23. BACK TO ARIZONA


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THE LAST nails were driven in the precious boxes, and I started overland in November with my little son, now nearly two years old.

In San Francisco I learned that I could now go as far as Los Angeles by rail, thence by steamer to San Diego, and so on by stage to Fort Yuma, where my husband was to meet me with an ambulance and a wagon.

I was enchanted with the idea of avoiding the long sea-trip down the Pacific coast, but sent my boxes down by the Steamer “Montana,” sister ship of the old “Newbern,” and after a few days' rest in San Francisco, set forth by rail for Los Angeles. At San Pedro, the port of Los Angeles, we embarked for San Diego. It was a heavenly night. I sat on deck enjoying the calm sea, and listening to the romantic story of Lieutenant Philip Reade, then stationed at San Diego. He was telling the story himself, and I had never read or heard of anything so mysterious or so tragic.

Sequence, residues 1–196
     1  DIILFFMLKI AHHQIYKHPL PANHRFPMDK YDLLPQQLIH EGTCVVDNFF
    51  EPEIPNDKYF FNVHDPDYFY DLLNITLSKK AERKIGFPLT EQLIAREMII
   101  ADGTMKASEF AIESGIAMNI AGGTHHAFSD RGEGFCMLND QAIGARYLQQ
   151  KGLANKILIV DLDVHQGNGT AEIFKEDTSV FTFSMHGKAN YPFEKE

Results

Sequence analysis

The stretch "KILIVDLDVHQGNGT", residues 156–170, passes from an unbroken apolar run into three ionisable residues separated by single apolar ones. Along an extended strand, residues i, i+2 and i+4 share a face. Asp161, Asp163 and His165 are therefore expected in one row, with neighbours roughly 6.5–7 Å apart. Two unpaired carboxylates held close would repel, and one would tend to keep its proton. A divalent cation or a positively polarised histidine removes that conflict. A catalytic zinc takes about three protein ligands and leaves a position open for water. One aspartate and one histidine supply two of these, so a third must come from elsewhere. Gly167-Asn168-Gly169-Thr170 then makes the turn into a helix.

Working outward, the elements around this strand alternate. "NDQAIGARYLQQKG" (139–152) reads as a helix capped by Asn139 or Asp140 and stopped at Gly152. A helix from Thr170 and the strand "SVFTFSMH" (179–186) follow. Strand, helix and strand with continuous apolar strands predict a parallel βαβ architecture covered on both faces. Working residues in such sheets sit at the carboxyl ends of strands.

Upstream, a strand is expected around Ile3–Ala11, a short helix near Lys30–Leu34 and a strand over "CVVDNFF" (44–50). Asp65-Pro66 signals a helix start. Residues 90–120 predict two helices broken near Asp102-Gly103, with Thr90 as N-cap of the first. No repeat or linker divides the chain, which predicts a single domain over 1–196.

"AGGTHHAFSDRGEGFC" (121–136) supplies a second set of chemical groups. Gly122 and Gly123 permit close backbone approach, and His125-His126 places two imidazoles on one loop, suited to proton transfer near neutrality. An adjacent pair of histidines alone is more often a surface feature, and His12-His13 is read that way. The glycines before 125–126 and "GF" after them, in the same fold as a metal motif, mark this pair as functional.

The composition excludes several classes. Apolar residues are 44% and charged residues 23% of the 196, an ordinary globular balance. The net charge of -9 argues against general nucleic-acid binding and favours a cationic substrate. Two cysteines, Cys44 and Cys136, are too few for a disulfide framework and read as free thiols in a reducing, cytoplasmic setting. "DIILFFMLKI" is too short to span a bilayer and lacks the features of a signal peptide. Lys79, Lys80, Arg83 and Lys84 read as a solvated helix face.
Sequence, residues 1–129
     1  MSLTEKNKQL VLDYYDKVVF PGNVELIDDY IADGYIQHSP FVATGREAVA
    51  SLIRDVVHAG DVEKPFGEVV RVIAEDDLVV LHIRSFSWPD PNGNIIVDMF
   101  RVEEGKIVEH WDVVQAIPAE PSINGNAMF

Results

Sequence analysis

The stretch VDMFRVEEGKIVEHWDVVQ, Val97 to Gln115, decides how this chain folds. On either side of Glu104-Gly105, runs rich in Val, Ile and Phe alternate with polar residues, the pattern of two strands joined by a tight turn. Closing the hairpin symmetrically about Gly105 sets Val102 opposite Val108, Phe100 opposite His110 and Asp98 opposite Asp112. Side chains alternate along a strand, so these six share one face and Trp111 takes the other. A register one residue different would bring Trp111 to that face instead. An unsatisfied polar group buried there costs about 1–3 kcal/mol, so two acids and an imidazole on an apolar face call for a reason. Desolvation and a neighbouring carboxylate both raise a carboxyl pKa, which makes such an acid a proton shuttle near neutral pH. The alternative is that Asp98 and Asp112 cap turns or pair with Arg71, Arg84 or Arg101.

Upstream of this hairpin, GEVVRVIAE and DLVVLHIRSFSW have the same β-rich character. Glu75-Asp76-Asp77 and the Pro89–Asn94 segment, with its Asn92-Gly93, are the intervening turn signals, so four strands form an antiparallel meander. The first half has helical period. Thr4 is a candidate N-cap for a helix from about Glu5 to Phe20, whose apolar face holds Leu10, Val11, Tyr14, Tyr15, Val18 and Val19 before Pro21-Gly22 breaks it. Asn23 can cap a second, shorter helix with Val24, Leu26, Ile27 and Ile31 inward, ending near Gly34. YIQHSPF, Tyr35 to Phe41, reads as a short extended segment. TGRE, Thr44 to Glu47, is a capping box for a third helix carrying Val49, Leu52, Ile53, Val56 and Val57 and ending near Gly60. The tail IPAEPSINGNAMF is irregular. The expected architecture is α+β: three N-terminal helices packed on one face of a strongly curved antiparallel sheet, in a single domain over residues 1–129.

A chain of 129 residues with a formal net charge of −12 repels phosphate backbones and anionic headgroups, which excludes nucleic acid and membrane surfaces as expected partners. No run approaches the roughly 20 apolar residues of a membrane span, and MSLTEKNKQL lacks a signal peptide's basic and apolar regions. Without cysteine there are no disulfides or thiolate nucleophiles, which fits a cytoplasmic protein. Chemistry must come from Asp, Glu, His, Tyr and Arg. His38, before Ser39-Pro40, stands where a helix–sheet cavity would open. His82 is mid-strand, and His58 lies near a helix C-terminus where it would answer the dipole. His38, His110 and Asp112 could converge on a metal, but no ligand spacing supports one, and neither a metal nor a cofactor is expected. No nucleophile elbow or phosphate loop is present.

Then, too, aside from the story, Mr. Reade was a very good-looking and chivalrous young army officer. He was returning to his station in San Diego, and we had this pleasant opportunity to renew what had been a very slight acquaintance.


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The calm waters of the Pacific, with their long and gentle swell, the pale light of the full moon, our steamer gliding so quietly along, the soft air of the California coast, the absence of noisy travellers, these made a fit setting for the story of his early love and marriage, and the tragic mystery which surrounded the death of his young bride.